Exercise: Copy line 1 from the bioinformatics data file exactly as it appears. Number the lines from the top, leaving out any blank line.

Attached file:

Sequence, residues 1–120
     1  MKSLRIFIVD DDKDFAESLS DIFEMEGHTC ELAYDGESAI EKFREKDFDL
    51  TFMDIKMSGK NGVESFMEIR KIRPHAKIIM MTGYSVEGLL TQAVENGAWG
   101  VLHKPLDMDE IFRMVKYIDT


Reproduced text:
Sequence, residues 1–120